THE Wodonga Council will stop providing home and community care, saving it close to $1 million a year but costing about 70 jobs.
The program will be taken over by a private contractor when the council bows out of the program in seven months.
But the council was confident yesterday that some of those workers — all in permanent, part-time positions — could take up a job with whoever was chosen by the state government to provide HACC services.
The greatest demand upon Wodonga HACC providers has been for domestic services such as cleaning and ironing.
Wodonga’s program, used by about 700 clients, has had a waiting list since late 2011.
The council was at pains yesterday to stress to clients there would be no effect on the services they received.
Mayor Mark Byatt and chief executive Patience Harrington said staff had been aware for several years the council would take this path.
Cr Byatt said that it was
understandably an emotional jolt for HACC staff when told yesterday morning of the council’s decision, finalised in confidence at its meeting on Monday night.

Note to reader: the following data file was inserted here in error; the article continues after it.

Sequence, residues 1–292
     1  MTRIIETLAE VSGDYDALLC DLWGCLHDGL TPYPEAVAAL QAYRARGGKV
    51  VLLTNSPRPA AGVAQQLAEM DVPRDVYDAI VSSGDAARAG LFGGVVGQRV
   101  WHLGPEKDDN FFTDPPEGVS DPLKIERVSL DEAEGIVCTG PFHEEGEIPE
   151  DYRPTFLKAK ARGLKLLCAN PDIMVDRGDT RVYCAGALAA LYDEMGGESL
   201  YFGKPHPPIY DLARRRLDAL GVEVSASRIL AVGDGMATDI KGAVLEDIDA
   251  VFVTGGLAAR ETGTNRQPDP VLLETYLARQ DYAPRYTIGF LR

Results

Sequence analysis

The council set aside $820,000 for the program out of its $34.27 million community services budget this financial year.
Ms Harrington said the key message to people, particularly clients, was that the service was continuing.
“This is not going to stop,” she said.
“In seven months’ time — which will be the point where the service agreement with the Department of Health ceases — they may have a different bill and they may see some new faces delivering the service.”
“But ideally we would hope there is a service provider out there who can fundamentally take on the bulk of the home care services that we run,” Ms Hamilton said.
Cr Byatt said Ms Harrington had been working closely with the staff to best support them with efforts to get another job, and that would continue over the next few months.
The HACC program is run out of The Willows community centre in McFarland Road.
It will be up to the new service provider to decide whether it continues to use the building.
Cr Byatt said the question of what to do with HACC services had been around for the best part of 10 years.
“A decision of this significance and this magnitude isn’t taken lightly,” he said.
“It has been taken after a great deal of research and quite often a lot of debate about what is the best way forward to have sustainability in the future.
“I don’t think there’s anyone in the system who isn’t mindful of the emotion that hangs around these important decisions.”
Increasing cost pressures and the impact of significant regulation have contributed to the council’s decision.
“We believe that the decision is a first for Victoria.”